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Business owners along Grand Cayman’s southwestern coastline were counting their blessings Wednesday, despite having to clean up from damage left in the wake of Hurricane Delta.
On Tuesday, 6 Oct., the Category 4 hurricane veered southwest of Grand Cayman and missed the island by about 100 miles. However, the storm surge caused by the weather system resulted in damage to a number of waterfront properties.
“Right now, gratitude is a must, regardless of the situation; we are so grateful that the storm missed us,” said Luigi Moxam, owner of Cayman Cabana restaurant. “We really don’t know the cost of the damages yet, because the place is still pretty much under water.”
Taking to social media, Moxam posted a video and pictures of the damage. In the images, loosened plywood and lumber can be seen bashing against the tattered remains of a dock extending into the sea. The pictures also show an assortment of sand, stones and other sediment scattered throughout the seaside restaurant’s parking lot.
“Although the storm missed us, it caused more damage than other storms that have passed closer to Cayman in recent times,” said Moxam.
A couple of miles from Moxam’s restaurant, Luciano De Riso, the manager of Grand Old House on South Church Street, and his team found themselves in a similar position.
“Our outside deck was completely destroyed, as well as part of the outside bar,” said De Riso. “It is going to be closed for another five to seven days, maybe even longer. You can’t really fight nature.”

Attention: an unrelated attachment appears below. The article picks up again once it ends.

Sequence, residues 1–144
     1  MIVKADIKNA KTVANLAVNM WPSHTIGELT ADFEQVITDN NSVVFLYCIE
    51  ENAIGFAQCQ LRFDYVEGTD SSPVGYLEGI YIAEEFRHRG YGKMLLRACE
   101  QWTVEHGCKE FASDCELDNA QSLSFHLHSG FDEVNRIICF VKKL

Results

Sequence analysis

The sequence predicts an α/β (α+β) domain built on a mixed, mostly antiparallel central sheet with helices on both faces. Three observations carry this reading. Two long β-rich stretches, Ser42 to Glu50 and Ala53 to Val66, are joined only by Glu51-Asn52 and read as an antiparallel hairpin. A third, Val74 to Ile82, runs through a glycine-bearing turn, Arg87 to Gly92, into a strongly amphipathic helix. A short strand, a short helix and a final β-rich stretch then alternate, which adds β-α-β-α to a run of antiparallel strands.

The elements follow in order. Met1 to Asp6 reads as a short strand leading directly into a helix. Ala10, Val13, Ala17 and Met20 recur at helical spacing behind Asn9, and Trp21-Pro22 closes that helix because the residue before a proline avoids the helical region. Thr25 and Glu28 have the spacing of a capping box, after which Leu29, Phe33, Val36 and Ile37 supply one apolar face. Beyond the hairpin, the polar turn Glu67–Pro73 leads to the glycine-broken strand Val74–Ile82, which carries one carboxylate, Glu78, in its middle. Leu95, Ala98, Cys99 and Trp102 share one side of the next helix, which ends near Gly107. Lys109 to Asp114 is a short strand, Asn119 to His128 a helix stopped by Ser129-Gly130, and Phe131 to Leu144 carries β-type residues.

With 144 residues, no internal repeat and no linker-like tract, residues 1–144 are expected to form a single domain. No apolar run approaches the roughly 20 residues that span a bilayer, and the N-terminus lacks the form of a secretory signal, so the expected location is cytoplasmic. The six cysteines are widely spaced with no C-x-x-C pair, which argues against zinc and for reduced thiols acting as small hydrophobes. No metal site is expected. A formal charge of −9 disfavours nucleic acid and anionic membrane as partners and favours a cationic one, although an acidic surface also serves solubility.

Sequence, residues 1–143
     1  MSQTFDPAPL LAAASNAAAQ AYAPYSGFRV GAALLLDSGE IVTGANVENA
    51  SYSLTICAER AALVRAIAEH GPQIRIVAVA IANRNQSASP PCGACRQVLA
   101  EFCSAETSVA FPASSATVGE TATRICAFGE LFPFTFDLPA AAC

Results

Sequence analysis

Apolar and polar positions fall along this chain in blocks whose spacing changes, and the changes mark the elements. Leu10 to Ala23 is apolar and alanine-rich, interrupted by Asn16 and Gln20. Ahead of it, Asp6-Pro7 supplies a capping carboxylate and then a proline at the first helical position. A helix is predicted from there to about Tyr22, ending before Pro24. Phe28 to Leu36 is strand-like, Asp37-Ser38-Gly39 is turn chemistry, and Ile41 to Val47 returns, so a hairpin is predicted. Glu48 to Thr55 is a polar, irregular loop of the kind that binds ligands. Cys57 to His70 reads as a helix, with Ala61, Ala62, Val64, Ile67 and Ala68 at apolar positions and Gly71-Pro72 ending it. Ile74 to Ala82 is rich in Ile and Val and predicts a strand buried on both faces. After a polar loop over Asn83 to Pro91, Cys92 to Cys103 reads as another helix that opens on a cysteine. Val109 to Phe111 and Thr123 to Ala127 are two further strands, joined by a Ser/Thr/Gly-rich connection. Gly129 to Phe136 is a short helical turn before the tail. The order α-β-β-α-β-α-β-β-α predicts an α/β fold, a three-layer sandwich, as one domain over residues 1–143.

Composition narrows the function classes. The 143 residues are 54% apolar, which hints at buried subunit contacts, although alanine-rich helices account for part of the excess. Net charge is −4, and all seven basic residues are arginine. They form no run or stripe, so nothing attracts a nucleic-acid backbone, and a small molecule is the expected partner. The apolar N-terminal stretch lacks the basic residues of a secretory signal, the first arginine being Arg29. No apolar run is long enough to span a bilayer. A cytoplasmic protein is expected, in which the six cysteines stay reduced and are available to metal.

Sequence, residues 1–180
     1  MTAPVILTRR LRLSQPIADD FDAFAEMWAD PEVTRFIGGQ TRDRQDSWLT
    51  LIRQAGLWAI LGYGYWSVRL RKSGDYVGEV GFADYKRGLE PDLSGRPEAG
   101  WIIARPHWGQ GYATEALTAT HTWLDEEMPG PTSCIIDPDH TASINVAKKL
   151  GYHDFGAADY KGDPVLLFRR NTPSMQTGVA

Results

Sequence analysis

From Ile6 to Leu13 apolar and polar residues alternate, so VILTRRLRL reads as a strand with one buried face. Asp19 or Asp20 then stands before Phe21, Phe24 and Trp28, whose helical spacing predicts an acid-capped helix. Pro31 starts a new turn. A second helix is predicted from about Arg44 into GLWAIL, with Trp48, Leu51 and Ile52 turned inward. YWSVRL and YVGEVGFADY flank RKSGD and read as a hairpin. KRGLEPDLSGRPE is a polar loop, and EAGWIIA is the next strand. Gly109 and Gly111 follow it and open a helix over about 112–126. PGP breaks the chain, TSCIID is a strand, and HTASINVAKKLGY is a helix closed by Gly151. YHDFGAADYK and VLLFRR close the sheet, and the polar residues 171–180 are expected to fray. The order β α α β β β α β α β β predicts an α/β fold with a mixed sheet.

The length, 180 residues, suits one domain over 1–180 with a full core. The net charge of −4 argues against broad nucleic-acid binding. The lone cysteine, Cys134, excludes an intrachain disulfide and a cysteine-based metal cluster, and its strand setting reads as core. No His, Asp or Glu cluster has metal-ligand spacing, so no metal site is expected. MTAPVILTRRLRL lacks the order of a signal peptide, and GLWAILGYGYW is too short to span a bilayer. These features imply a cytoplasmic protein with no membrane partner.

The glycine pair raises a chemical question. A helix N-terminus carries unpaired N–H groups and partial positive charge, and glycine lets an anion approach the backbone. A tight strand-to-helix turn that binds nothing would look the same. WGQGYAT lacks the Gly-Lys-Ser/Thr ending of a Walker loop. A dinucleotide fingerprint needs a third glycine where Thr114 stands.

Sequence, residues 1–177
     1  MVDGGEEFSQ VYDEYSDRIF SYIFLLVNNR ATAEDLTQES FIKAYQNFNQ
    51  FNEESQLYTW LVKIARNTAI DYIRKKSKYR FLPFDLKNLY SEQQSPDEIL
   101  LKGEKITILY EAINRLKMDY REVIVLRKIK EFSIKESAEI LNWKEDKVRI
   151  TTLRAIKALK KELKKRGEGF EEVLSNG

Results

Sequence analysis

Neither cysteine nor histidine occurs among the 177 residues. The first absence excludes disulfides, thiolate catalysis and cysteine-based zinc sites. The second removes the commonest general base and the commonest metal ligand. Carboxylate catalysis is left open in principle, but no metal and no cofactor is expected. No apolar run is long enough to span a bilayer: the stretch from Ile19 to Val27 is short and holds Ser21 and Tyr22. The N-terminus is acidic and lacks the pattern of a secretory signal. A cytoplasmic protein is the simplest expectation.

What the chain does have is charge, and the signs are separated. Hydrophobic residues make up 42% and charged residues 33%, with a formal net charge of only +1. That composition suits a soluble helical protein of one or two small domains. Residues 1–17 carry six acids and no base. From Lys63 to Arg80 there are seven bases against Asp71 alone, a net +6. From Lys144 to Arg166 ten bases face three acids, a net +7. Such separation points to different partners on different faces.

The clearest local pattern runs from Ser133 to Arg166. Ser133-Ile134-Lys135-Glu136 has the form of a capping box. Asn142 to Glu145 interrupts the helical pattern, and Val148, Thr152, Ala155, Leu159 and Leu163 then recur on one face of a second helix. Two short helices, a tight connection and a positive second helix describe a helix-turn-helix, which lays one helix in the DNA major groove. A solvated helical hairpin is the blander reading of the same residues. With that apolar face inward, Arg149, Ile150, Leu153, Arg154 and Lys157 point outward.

Although the damages will be fixed in a matter of days, they serve as further complications to Moxam’s and De Riso’s businesses, which were already struggling due to the economic impact of COVID-19 restrictions.
“It’s just one thing after another; we’ve had the earthquake, the fire, the pandemic, and now we are dodging hurricanes,” said Moxam. “We are going to have to close the business due to the weather, which will be even more difficult, and will also add up on the bottom line.”
De Riso said, “We are going to have to definitely tighten our belt even more. This won’t cause us to close our business, but it definitely is an additional expense.”
But with every grey storm cloud, there is a silver lining, which for Moxam and De Riso are the lessons learned from COVID-19.
“During the pandemic, we had to adapt how we do business,” Moxam said. “One of those lessons was opening our kitchen and doing deliveries, as well as kerbside pick-ups. That might be the answer for now.”
De Riso noted that his location came with a risk. “We are located on the waterfront and we are glad to be there, so we understand that this is part of the price we must pay.”
Harbour Drive in George Town, which was closed to traffic on Tuesday night because of heavy sea surge, remained cordoned off Wednesday afternoon as high waves continued to crash against the shoreline.